Jump to ContentJump to Main Navigation
BluebeardA Reader's Guide to the English Tradition$
Users without a subscription are not able to see the full content.

Casie E. Hermansson

Print publication date: 2009

Print ISBN-13: 9781604732306

Published to University Press of Mississippi: March 2014

DOI: 10.14325/mississippi/9781604732306.001.0001

Show Summary Details
Page of

PRINTED FROM Mississippi SCHOLARSHIP ONLINE (www.mississippi.universitypressscholarship.com). (c) Copyright University Press of Mississippi, 2020. All Rights Reserved. An individual user may print out a PDF of a single chapter of a monograph in MSSO for personal use.date: 29 March 2020

Bluebeard in Crisis

Bluebeard in Crisis

Chapter:
(p.129) Chapter 8 Bluebeard in Crisis
Source:
Bluebeard
Author(s):

Casie E. Hermansson

Publisher:
University Press of Mississippi
DOI:10.14325/mississippi/9781604732306.003.0008

A number of pantomime renditions of Charles Perrault’s French fairy tale, “Bluebeard,” appeared at the advent of the twentieth century, including the Klaw and Erlanger burlesque Mr. Bluebeard (Solomon [ca.1903]). In addition, a slew of notable Bluebeard works that all problematize and challenge the traditional expressions of the Bluebeard story emerged. Georges Méliès’ film Barbe-bleue (1901); Maurice Maeterlinck’s play Ariadne et Barbe-bleue (Ariadne and Bluebeard 1901), an opera composed by Paul Dukas (1907); Béla Balázs’ psychological drama A kékszakállú herceg vára (Duke Bluebeard’s Castle 1907), an opera by Béla Bartók (1912); and Anatole France’s story “Les Sept Femmes de la Barbe Bleue” (“The Seven Wives of Bluebeard,” 1909). This chapter examines these works and their impact on the English modernist expression of the Bluebeard tale. In particular, it considers how the English and American modernists, including Sylvia Townsend Warner and Eudora Welty, and Hollywood films responded to them. The chapter also looks at the revival of interest in Gilles de Rais in the late nineteenth century, and how it led to the humanization of Bluebeard.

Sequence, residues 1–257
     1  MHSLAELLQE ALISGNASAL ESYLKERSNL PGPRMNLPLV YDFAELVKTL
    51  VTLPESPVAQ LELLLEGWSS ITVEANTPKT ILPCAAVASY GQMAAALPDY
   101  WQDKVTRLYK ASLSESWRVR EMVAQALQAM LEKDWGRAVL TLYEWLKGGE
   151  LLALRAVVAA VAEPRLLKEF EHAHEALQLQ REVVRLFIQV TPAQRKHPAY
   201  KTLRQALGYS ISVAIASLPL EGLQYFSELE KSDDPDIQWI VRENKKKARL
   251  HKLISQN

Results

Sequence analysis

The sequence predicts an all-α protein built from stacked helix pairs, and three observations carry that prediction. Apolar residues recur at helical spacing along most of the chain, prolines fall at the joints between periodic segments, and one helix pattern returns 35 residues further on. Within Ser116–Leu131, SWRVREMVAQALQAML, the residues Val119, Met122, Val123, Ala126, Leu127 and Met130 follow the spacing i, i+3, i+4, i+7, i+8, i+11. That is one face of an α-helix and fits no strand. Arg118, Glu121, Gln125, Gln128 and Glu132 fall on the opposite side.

Keywords:   Charles Perrault, fairy tale, Bluebeard, Maurice Maeterlinck, opera, drama, Béla Bartók, Anatole France, Gilles de Rais

University Press of Mississippi requires a subscription or purchase to access the full text of books within the service. Public users can however freely search the site and view the abstracts and keywords for each book and chapter.

Please, subscribe or login to access full text content.

If you think you should have access to this title, please contact your librarian.

To troubleshoot, please check our FAQs , and if you can't find the answer there, please contact us.